Thursday, September 10, 2009

"Drag Me To Hell": it's heavenly!

No, I wasn't just reaching for the Gene Shalit-esqe low-hanging fruit with that terrible pun of a title. "Drag Me To Hell", Sam Raimi's return to the B-horror genre that gave him his start, was perhaps this summer's most-overlooked movie.

I'll happily admit I've long been a fan of Raimi's. Throughout high school, my buddies and I would frequently end up throwing on one of several VHS copies of "Evil Dead" late on a Friday or Saturday night. We even pooled together cash to get one of our friends a foot-tall Ash doll that played quotes from "Army of Darkness" for his birthday. Raimi returning to his genre roots after the enjoyable "Spider-Man", the excellent "Spider-Man 2", and the incredibly disappointing "Spider-Man 3" was an exciting prospect. The trailers for "Drag Me To Hell" seemed promising enough, even if they didn't make the film seem something off the beaten horror path:

And then the film opened. The aggregate Rottentomatoes reported: 92% positive critical reviews.

I was shocked. Those are "Up" numbers. "The Dark Knight" numbers.

I went out and saw it opening night.

About two months later, when it was a midnight screening at Chicago's Music Box Theater, I saw it again. And that time, I brought friends.

The movie, for what it is, is great.

The strength of "Drag Me To Hell" is not it's highly original plot, because it is not terribly original. It's the steady hand of a director that has a damned good idea of what he's doing.

"Drag Me To Hell" is funny. It's scary. It's hysterically gross. It combines all of the elements of a classic B-horror thriller that Raimi experimented with in "Evil Dead" and all but perfected in "Evil Dead 2". The scares are genuinely creepy: I couldn't tell you the last time I had a nightmare because of a movie, but damn if I didn't dream I had the tar beaten out of me by a shadow after seeing this the first time. Raimi creates a wonderfully ominous atmosphere without a lot of creepy music or CGI dead children a la "The Ring"; rather, he does it in a way that would make even Hitchcock shudder - with timing, editing, and cinematography. Raimi will give you a couple of quality surprise scares throughout, and he lets the obvious ones build maddeningly before paying off with a quick visceral jolt. And, as any fan of the Evil Dead series is familiar with, he relieves the tension with plenty of silly gross-out gags and dark comedy.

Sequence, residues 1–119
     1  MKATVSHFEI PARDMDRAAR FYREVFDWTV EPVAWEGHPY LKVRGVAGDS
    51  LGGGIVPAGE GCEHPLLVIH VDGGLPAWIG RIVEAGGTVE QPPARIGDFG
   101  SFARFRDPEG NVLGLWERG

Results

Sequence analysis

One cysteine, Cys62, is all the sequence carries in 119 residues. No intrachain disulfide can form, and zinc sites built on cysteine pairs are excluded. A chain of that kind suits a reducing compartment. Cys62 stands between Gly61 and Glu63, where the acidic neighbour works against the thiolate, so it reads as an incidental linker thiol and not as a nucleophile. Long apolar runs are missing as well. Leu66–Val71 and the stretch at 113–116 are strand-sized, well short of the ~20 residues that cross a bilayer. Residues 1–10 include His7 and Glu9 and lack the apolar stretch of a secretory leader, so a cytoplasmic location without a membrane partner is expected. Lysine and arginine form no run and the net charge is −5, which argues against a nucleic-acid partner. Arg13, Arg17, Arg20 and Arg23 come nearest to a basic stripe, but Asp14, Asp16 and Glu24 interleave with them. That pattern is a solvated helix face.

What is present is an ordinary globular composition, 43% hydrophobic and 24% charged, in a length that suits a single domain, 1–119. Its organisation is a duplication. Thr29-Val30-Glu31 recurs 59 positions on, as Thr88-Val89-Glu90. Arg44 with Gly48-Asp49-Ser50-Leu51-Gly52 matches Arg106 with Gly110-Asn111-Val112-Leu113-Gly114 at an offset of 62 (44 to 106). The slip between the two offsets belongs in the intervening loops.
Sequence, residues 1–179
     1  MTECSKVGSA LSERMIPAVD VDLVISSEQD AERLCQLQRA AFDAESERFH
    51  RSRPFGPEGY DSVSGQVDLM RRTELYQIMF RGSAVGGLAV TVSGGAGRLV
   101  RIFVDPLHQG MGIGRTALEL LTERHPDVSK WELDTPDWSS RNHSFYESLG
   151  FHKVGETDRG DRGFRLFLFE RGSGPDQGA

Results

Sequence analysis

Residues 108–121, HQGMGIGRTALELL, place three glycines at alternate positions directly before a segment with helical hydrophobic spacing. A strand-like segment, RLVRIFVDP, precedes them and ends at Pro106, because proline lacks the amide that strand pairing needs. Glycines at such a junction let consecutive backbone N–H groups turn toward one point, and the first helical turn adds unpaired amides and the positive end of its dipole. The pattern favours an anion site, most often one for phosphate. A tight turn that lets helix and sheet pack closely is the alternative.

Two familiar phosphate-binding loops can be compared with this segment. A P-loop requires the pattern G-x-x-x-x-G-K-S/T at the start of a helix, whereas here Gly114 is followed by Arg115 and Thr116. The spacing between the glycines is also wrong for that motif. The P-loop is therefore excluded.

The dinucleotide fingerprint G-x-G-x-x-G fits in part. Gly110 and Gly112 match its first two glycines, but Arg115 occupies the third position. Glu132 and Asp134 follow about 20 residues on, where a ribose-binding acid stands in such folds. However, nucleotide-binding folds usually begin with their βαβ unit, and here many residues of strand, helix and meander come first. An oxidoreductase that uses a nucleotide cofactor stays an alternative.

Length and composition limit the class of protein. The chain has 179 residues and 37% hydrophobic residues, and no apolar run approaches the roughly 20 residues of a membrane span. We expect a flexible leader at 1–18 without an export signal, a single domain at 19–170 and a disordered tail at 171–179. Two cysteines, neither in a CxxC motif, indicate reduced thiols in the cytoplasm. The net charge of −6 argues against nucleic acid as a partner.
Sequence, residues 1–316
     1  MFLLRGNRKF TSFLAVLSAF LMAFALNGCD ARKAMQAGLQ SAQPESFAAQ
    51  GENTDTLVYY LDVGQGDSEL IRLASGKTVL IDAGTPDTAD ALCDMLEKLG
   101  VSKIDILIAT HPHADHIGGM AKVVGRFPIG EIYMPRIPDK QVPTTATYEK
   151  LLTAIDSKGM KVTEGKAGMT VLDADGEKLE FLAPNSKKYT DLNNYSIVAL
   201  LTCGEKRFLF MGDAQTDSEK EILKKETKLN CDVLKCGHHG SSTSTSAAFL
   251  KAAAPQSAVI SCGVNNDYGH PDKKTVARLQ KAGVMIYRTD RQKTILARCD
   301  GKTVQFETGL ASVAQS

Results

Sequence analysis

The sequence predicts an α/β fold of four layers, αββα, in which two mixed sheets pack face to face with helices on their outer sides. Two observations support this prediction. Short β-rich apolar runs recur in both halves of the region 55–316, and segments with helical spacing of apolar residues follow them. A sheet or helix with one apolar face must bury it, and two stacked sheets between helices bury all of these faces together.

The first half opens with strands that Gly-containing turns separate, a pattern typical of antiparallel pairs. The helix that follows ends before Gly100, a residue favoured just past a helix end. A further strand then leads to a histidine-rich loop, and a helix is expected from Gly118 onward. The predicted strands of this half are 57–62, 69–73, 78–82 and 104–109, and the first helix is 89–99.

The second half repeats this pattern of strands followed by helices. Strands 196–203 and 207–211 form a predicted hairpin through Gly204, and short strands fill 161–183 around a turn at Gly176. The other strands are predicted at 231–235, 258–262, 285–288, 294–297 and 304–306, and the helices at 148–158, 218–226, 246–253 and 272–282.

Alison Lohman (a favorite of mine since "Matchstick Men") plays a young banker eyeing an assistant manager position who chooses the wrong client, Lorna Raver, to prove to her boss she can make the tough decisions. Rather than grant an aging gypsy a third extension on her home loan, Lohman informs Raver she's getting the boot, and in return gets a nasty curse. Unless her skeptical boyfriend, the always-amusing Justin Long, and a frightened mystic, the hopefully rising star Dileep Rao, can help her break the curse, she'll be tormented for three days before, you guessed it, getting dragged to hell to burn for all of eternity.

After years and years of "Ringu" remakes and knockoffs, "Saw" sequels and knockoffs, and basically everything that's been fodder for Scary Movies 1-5, "Drag Me To Hell" is a refreshing breath of air in the horror genre. If you love a good scare and cathartic laugh, I can't imagine you'll be disappointed once "Drag Me To Hell" comes out on DVD next month. I think you'll agree, and forgive the pun, that it is heavenly horror: simple, but expertly crafted, and incredibly enjoyable.

TOO MUCH: opportunity for lame Shalit-isms

COULD HAVE USED MORE: another face-full of bugs for Lohman couldn't have hurt

FILM SNOB NOTE: One of the most effective weapons in Raimi's arsenal is the slow rotating of the camera to the right or left side - referred to as "The Dutch Angle". A few other directors that used this well? Hitchcock and Welles. Raimi also takes a cue from Tarantino and uses old-school Universal title cards at the beginning and end of the movie.


IF YOU SAID THIS WAS YOUR FAVORITE MOVIE, I'D THINK: It's a bit of an obscure choice, but at least you picked something solid. If you said "Sorority Row", I'd think you deserve to be... well, you know.

1 comment:

  1. This is what happens if we don't have more oversight in the lending industry, THAT'S WHAT I TOOK AWAY FROM THIS MOVIE.